The Unbearable Lightness of Being

This book was heavier than I expected. Many of the author’s ideas were understandable and I even agreed with some of them, but at the same time those I did not agree with, and those which completely left me in the dark, will make me return to the book and read it again eventually.

This is another book that can hardly be called a novel. First, its characters are deliberately sketchy and incomplete. Second, there is no obvious plot, only a bunch of recurring themes throughout the work. Third, and most pleasantly surprising to me, the author uses an original approach to story-telling: he makes believe he is the omniscient narrator, using the third person to convey the story. But beneath this “believable lie” he stays in the mind of a single character in one part, then he switches to another character in the next (7 parts total). While he is in the mind of one character, he does not infiltrate the consciousness of others. Consequently, he is actually a first-person narrator in disguise, not omniscient in the least. As if that were not enough, he also uses ‘I’ to talk about his characters directly, as if discussing his novel with somebody. Whereas in most of what I’ve read so far the narrator tries to be as unobtrusive as possible, here he steps right out of the shadows, openly admitting that the characters are mere playthings of his imagination. Amazing.

The book deals with a number of philosophical ideas, including: contrasts, opposition and relativity; misunderstanding and miscommunication; fate; the layers of love; faith. An idea that I have seen many times and never fails to shock me is that human life is insignificant in its essence. If that is the foundation stone upon which the entire structure of the book is based, then no wonder I failed to grasp the point. Another theme which I will remember is Kundera’s treatment of the condition of Paradise. Paradise is happiness without excitement. Paradise is the nonexistence of disgust, of anything that is unacceptable. Paradise is happiness through repetition. Paradise is time running in a circle instead of a straight line. Living a repetitive life in a village, with no desire to do anything else, is a return to the condition of Paradise. You gotta be kidding me!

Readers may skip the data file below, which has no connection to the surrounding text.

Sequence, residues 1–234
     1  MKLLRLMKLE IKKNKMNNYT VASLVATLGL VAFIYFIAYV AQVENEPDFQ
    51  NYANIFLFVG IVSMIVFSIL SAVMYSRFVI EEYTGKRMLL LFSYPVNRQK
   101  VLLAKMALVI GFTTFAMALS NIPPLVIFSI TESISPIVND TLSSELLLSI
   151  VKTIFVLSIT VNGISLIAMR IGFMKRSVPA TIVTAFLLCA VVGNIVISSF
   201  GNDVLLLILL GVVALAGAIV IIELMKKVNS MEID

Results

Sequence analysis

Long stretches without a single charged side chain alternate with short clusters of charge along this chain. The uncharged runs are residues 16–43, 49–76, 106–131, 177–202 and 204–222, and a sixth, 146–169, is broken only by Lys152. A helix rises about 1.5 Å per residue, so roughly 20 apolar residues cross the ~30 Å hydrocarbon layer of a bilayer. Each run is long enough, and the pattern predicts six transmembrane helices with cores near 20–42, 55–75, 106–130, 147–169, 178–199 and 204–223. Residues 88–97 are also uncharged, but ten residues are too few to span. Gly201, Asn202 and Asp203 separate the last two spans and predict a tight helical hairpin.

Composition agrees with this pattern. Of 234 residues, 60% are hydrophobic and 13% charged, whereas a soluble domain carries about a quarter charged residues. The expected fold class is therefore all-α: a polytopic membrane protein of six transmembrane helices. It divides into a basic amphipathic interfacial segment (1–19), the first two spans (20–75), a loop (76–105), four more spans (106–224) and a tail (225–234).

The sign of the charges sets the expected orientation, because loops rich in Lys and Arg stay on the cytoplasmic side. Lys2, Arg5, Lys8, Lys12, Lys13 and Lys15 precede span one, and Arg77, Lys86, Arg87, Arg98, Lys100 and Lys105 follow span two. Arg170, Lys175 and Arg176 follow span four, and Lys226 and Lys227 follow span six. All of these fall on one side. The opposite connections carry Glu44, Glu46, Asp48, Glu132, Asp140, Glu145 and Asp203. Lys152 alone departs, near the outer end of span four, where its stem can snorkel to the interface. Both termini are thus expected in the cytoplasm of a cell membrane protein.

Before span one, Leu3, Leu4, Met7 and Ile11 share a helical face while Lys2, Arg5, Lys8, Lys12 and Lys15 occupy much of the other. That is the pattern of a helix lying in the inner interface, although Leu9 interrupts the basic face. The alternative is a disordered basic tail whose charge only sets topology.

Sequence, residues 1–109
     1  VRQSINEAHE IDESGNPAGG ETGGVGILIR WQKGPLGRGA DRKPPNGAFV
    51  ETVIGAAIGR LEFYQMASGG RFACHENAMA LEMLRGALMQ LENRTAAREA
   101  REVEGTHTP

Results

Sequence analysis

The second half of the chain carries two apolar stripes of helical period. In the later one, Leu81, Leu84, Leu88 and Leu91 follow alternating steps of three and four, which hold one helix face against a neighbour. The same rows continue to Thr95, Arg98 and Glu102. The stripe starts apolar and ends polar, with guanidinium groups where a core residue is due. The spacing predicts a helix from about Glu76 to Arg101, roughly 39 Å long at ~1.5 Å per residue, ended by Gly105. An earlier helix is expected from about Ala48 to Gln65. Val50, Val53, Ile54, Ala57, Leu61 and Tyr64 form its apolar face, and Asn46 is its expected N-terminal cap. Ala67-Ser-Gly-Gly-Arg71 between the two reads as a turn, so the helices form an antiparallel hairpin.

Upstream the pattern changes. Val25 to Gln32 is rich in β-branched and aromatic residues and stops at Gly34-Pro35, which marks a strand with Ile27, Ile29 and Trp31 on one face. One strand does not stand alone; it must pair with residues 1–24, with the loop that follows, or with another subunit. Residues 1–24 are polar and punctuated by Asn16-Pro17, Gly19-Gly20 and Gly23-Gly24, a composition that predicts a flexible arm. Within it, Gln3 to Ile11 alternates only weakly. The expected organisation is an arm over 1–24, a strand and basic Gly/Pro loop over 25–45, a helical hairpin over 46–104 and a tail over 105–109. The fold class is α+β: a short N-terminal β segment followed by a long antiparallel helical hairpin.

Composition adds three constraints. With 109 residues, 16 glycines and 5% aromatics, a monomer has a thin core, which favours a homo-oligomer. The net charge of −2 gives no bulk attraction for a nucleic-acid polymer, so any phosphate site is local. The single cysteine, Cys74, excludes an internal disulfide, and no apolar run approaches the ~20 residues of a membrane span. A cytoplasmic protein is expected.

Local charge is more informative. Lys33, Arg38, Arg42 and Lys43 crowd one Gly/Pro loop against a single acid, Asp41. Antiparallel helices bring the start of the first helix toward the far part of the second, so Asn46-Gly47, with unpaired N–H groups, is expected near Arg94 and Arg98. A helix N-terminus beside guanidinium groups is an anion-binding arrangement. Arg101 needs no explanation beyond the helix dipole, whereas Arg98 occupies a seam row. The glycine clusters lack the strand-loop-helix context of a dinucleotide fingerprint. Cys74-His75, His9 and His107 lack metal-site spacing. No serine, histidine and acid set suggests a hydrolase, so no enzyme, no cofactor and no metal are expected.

That is probably proof that I failed to understand the author’s point. Even so, I am certain that at least a subset of his ideas got through to me. Here is a list of quotes that will one day convince me to reread the book:

  • We can never know what to want, because, living only one life, we can neither compare it with our previous lives nor perfect it in our lives to come.
  • What happens but once, might as well not have happened at all. If we have only one life to live, we might as well not have lived at all.
    (Einmal ist keinmal.)
  • Metaphors are dangerous. Metaphors are not to be trifled with. A single metaphor can give birth to love.
  • A person who longs to leave the place where he lives is an unhappy person.
  • Man, because he has only one life to live, cannot conduct experiments to test whether to follow his passion (compassion) or not.
  • In Tereza’s eyes, books were the emblems of a secret brotherhood.
  • But is not an event in fact more significant and noteworthy the greater the number of fortuities necessary to bring it about?
    Chance and chance alone has a message for us. Everything that occurs out of necessity, everything expected, repeated day in and day out, is mute. Only chance can speak to us.
  • Without realizing it, the individual composes his life according to the laws of beauty even in times of greatest distress.
  • The difference between the university graduate and the autodidact lies not so much in the extent of knowledge as in the extent of vitality and self-confidence.
  • Our dreams prove that to imagine — to dream about things that have not happened — is among mankind’s deepest needs.
  • Anyone whose goal is something higher must expect some day to suffer vertigo. What is vertigo? […] It is the voice of the emptiness below us, which tempts and lures us, it is the desire to fall, against which, terrified, we defend ourselves.
  • On the surface, an intelligible lie; underneath, the unintelligible truth.
  • I want you to be weak. As weak as I am.
  • Being in a foreign country means walking a tightrope high above the ground without the net afforded a person by the country where he has his family, colleagues, and friends, and where he can easily say what he has to say in a language he has known from childhood.
  • But when the strong were too weak to hurt the weak, the weak had to be strong enough to leave.
  • We might also call vertigo the intoxication of the weak. Aware of his weakness, a man decides to give in rather than stand up to it. He is drunk with weakness, wishes to grow even weaker, wishes to fall down in the middle of the main square in front of everybody, wishes to be down, lower than down.
  • Yes, if you’re looking for infinity, just close your eyes!
  • ‘Beauty by mistake’ — the final phase in the history of beauty.
  • Beauty is a world betrayed. The only way we can encounter it is if its persecutors have overlooked it somewhere.
  • There are things that can be accomplished only by violence.